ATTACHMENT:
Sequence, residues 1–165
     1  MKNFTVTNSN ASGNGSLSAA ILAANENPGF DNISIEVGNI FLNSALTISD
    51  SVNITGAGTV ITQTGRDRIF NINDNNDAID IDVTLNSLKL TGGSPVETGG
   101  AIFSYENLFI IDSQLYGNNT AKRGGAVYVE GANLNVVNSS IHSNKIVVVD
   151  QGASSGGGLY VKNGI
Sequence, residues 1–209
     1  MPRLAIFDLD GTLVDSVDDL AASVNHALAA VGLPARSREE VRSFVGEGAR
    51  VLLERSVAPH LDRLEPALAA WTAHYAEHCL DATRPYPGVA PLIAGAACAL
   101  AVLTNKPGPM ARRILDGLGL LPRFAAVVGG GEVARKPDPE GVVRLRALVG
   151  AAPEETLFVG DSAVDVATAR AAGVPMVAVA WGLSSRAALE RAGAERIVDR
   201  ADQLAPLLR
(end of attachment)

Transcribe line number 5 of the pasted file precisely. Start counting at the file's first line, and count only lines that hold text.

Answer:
   151  QGASSGGGLY VKNGI